Nano World: Nanotube toxicity exams differ

How toxic carbon nanotubes are on cells apparently depends on what lab tests are used to examine them, experts told UPI's Nano World.

Carbon nanotubes are pipes mere nanometers or billionths of a meter wide. They are the darlings of the nanotech world because they are up to 100 times stronger than steel at one-sixth the weight and posses a bevy of superb electronic properties to boot.

Scientists and the public have also focused on concerns on how toxic carbon nanotubes may be against people and the environment. When inhaled, scientists have found carbon nanotubes can trigger masses of inflamed tissue in mice and rats. However, results from tests on cells have proven confusing, with some indicating carbon nanotubes are highly toxic and others showing no trace of toxicity.

Toxicologists at the Karlsruhe Research Centre in Germany examined the impact of single-walled carbon nanotubes on human lung cells in vitro. One test used a water insoluble salt known as MTT to investigate nanotube impact on the function of mitochondria, the powerhouses of the cell. It found a toxicity of roughly 50 percent. However, a similar test measuring mitochondrial function using a water soluble salt known as WST showed no toxicity.

The researchers investigated other toxicity exams as well. One used INT, a salt that binds to an enzyme released by leaking cells. Another used a dye known as TMRE, which measures how active mitochondria are. Annexin-V is an antibody that latches onto cell membrane proteins exposed when a cell dies. None of these showed cell toxicity.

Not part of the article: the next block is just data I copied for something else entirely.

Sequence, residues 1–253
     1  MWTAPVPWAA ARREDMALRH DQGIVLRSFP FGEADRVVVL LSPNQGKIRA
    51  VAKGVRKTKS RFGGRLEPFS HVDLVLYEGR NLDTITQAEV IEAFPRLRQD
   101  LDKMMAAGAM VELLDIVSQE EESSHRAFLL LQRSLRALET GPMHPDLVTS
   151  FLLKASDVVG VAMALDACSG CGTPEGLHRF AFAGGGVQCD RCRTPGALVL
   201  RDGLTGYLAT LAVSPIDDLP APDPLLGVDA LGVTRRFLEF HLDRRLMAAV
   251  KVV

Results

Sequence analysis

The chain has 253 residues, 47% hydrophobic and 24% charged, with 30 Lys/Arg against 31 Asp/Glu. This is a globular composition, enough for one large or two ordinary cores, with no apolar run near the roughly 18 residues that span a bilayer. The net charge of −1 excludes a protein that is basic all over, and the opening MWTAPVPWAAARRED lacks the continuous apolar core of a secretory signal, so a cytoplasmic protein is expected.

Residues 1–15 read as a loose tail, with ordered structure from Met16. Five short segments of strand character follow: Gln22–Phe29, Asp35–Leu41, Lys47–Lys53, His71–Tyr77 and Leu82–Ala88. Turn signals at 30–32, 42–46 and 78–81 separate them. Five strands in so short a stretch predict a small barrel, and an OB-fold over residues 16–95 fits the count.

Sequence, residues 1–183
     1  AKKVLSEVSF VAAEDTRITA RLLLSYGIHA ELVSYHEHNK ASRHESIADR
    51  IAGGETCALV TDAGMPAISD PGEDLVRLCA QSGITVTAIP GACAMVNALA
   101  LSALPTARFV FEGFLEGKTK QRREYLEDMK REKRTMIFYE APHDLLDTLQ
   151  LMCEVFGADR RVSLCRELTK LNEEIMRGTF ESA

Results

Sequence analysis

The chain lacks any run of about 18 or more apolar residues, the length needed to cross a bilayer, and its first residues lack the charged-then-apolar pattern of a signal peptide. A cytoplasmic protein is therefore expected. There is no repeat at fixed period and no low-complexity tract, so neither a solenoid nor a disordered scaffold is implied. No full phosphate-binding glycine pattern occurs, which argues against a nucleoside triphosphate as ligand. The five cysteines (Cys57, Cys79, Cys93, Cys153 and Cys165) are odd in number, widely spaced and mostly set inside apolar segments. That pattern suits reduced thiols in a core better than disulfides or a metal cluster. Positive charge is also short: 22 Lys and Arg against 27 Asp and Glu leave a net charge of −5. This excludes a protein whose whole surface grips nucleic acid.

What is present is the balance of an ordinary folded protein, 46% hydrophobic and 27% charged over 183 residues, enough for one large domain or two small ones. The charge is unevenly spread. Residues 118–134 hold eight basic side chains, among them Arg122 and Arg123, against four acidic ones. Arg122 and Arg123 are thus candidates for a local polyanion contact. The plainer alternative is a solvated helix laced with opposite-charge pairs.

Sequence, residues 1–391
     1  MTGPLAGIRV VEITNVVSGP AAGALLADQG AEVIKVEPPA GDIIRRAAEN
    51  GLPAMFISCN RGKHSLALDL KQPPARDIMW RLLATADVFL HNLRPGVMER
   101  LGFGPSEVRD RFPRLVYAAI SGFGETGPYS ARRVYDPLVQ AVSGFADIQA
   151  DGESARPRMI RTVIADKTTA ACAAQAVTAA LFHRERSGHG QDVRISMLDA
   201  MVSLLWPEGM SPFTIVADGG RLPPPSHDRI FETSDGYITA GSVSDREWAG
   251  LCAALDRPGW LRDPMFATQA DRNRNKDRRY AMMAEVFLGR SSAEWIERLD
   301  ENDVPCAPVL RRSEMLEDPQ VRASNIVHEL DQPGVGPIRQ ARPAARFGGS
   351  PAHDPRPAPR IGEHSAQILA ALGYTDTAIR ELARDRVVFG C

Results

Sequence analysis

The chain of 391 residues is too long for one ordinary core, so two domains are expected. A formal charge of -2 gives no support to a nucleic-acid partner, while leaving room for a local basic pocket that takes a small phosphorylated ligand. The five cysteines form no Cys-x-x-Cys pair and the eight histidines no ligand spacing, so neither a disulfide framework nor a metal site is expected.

The researchers found MTT helps form crystals on the nanotubes, "leading to false results," researcher Jörg Wörle-Knirsch said. He, with researchers Harald Krug and Karin Pulskamp, reported their findings in the journal Nano Letters.

Toxicologist Nancy Monteiro-Riviere at North Carolina State University at Raleigh noted she and her colleagues had similar results. Wörle-Knirsch and Monteiro-Riviere stress toxicity exams of nanomaterials should involve two or more independent systems, as well as suss out which tests could actually serve as reliable standards.

"Usually in vitro tests back up findings of toxicity in animals," particle toxicologist Ken Donaldson at Queens Medical Research Institute in Edinburgh, Scotland. The mismatch between the lack of cell toxicity and the evident animal toxicity could mean the nanotubes are clumping and blocking air spaces, affecting lungs but not cells on a dish, he suggested. Donaldson also suggested tests should examine not whether the nanotubes are damaging cells, but whether they stimulate them instead, to release inflammatory molecules such as cytokines.

Copyright 2006 by United Press International

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